One Trader Dares To Question The Official Narrative

Ranges have been small. Asset price-wise, nothing especially untoward has happened. But, as former fund manager and FX trader Richard Breslow notes, it all feels remarkably sloppy.

Via Bloomberg,

The fact that it is month-end and the big news of the day won’t happen until the U.S. afternoon sets things up to have a skittishness that will drive people trying to follow the ins and outs of the day’s activity positively to distraction.

To make matters worse, we have two sets of traders operating uncomfortably beside each other.

  • Some that will not change their views short of some — unlikely — major event that can’t be planned for anyway.

  • And the others, who seem to be having the worst time holding onto anything. But more interestingly, they seem to change what they purport to be their big picture outlook based on the latest news and market gyration.

We are operating in an unusually uncertain world, but they seem to have taken it to the extreme.

The Australian dollar has had a rough patch. And for understandable reasons. Disappointing numbers at home. Not a great external environment. A dovish central bank. But after eight straight down days, it fell to a support zone that has meant something for the last three months. Frankly, it was due for a bounce. It got the excuse by a small beat from CPI. Fair enough and hardly a surprise.

Yet along with the modest bounce in the currency came a serious repricing of the likelihood of near-term interest-rate cuts. Short-dated OIS made a surprisingly swift move. That was simply too much from a statistically insignificant deviation from expectations. Especially with the rest of the newsflow of the day. And, to be fair, three-year yields were only fooled for a few hours.

Nevertheless, all eyes will now be on whether or not we close above Thursday’s high for the next technical sign to run with.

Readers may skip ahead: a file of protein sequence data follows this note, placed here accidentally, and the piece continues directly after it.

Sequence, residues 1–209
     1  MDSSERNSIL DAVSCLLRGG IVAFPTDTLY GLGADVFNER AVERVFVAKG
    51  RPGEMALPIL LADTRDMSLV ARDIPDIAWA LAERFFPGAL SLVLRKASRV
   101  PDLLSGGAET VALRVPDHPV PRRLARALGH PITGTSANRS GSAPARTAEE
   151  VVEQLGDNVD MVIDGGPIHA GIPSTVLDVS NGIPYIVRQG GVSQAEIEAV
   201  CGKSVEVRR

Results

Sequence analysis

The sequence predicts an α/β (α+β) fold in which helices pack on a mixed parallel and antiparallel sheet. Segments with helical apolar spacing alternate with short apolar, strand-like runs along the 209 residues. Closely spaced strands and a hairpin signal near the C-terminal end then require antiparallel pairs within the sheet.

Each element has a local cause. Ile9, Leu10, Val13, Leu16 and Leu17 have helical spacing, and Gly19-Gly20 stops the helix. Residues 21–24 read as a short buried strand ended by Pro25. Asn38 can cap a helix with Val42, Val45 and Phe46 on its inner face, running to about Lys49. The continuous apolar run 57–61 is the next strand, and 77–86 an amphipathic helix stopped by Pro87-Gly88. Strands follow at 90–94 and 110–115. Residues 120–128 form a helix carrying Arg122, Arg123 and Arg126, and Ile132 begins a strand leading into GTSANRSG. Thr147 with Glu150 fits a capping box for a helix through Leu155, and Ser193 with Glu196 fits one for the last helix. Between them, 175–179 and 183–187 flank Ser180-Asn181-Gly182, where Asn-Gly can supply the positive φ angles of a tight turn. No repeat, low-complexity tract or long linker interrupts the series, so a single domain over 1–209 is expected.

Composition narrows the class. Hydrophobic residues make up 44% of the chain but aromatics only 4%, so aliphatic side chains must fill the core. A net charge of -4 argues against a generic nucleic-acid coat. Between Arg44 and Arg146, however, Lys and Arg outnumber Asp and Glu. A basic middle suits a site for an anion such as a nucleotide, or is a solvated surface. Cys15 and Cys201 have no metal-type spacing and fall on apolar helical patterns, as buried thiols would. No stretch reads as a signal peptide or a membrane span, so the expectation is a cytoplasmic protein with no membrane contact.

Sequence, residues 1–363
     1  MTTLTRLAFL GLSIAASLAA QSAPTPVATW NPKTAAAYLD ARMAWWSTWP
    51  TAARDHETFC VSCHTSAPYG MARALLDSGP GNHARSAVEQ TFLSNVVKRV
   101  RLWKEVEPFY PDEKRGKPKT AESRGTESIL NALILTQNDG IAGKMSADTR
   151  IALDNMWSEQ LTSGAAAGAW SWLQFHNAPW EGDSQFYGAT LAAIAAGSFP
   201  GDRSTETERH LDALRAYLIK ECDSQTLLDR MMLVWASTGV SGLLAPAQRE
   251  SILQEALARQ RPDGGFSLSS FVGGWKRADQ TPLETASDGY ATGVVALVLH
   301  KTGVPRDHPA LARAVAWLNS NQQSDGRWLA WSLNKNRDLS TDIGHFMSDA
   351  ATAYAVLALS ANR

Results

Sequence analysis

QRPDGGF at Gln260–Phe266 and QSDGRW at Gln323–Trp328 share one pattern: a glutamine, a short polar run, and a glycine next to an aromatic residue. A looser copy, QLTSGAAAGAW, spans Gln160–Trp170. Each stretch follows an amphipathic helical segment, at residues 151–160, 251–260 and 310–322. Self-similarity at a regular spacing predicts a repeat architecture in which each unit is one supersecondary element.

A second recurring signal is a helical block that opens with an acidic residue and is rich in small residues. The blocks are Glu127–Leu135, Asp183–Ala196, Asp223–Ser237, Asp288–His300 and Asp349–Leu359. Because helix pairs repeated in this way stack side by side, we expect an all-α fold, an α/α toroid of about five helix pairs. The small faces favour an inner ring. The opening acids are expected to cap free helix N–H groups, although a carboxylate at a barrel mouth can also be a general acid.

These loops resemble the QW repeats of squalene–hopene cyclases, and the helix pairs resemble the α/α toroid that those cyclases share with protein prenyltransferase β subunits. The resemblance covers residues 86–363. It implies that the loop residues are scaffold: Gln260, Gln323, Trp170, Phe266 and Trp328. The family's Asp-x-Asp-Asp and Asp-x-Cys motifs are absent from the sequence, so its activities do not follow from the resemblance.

It did leave me wondering, however, how little it might take for traders to begin questioning the narrative about how the whole world is barreling toward lower official rates. Try to resist the temptation. My working assumption has to be that we very much are.

But for trading purposes, as the dog days of August are set to begin, it really does put a premium on how the Fed Chair explains whatever they end up deciding to do. This is not the time of year where short and medium-term players are apt to over-think things. For my money, the discussion around the balance sheet is an even bigger deal than it is being given credit. Although, how hard he hits the “U.S. is doing great” story line should also matter.

Global equity markets know what they want to hear. And they want simple and direct assurances that they will receive the rate support they have come to expect and demand. It’s a clear worldwide phenomenon. Just consider the blah reaction to this week’s Chinese Politburo announcement of economic plans for the second half of the year. You can clearly witness the sapping of momentum higher every time traders don’t receive comfort in the form they most want.

When it happens, you can almost imagine them telling the central bankers to go back and try again. Or face the consequences that we know they don’t want.

Looking at the charts, it seems odd to say after such a good year-to-date run that many indexes look to be at some sort of decision point. Now we’ll see how the next chapter of the story plays out.

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